But they don't. The majority of readers and listeners/watchers go for sound bites and splashy headlines. Cotton candy for the mind. No depth. That takes too long to learn and process.

And the average folks HATE things that are really long ... like some posts I can think of. (And of which I am guilty, I will admit.) Especially if they require thought. Or -- GASP! -- background knowledge.

We haven't progressed at all since the days of muckraking and yellow journalism back in the late 1800s.

As far as broadcast media -- at least radio -- try out BBC.co.uk/radio -- I loooooove it.
That's the way to get national & international news.
The only challenge is that sometimes there is a long discussion of cricket scores, but there are plenty of online BBC channels and plenty of programs, news & otherwise.

And one can always go play with the cats for a few minutes until the cricket chirping is over with.

Sunday, January 11, 2009

Journalism - back in the day

Just to let y'all know where I'm coming from, my BA was in Journalism, way back in the day when many people KNEW the difference between journalism and slop.

That was, rather obviously, a long, long time ago.

Many of us way back when got into journalism in order to dig up TRUTH. (Yeah, I know -- it's a funny concept, huh?)

We grew up with Walter Cronkite (whom I still adore fervently -- and if you haven't read his autobiography, I highly recommend it).

We thought that Woodward and Bernstein had it goin' on, even though Watergate had been a few years prior to the time I started college, thankyouverymuch.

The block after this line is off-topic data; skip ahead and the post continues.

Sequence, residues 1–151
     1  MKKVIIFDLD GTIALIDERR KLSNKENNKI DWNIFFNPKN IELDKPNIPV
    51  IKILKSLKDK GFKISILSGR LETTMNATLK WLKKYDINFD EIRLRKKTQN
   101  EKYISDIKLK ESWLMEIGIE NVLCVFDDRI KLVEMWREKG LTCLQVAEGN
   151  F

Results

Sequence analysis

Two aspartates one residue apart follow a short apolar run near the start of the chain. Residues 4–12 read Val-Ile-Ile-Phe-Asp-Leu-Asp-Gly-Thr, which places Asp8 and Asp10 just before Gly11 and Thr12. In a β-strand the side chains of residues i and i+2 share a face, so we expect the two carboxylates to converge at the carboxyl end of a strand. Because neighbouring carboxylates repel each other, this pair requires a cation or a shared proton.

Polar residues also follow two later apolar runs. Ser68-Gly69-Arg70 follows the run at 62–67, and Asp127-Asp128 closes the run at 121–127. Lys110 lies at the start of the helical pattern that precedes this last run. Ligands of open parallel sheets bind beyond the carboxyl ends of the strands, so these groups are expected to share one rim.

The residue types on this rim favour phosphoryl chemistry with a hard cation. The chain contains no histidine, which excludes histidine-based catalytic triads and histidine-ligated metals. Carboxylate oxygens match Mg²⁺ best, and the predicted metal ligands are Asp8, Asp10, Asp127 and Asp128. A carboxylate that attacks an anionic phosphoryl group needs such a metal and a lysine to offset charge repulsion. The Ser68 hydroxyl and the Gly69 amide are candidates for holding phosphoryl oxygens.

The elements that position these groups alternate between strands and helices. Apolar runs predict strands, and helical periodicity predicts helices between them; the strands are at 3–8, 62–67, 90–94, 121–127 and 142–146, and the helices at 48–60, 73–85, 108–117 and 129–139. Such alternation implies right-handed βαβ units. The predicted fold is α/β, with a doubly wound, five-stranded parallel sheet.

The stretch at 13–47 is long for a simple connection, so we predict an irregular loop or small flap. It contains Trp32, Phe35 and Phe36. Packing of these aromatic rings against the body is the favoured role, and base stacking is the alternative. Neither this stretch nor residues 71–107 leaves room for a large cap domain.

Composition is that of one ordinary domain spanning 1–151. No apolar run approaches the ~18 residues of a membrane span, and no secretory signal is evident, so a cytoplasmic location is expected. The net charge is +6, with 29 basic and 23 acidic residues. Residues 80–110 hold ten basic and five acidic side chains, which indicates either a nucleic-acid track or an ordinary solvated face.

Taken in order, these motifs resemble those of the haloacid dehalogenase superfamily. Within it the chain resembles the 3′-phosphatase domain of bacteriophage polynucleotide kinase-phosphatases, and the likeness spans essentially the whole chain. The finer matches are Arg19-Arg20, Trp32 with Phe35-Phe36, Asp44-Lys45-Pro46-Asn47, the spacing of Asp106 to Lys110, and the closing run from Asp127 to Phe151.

Do you know why Walter Cronkite retired from CBS news? It was because of the 24-hour, you-gotta-keep-talking-or-they'll-change-the station attitude. Say something, even if you're saying nothing at all. Or worse, even if you're making conjectures that you couldn't possibly justify. That's not journalism. That's keeping the advertisers happy. So he left. That's a man with principles.

When I went through the School of Journalism (henceforth known as J-school) and worked on the school paper, it was a paper with a circulation of 32,000 -- one of the larger papers in Ohio -- and it was a college paper!

Our adviser was a real newspaperman with an insistence on accuracy that would be utterly beyond belief today. We had to have TWO (count 'em!) sources for every story, or it didn't go in the paper.
Period.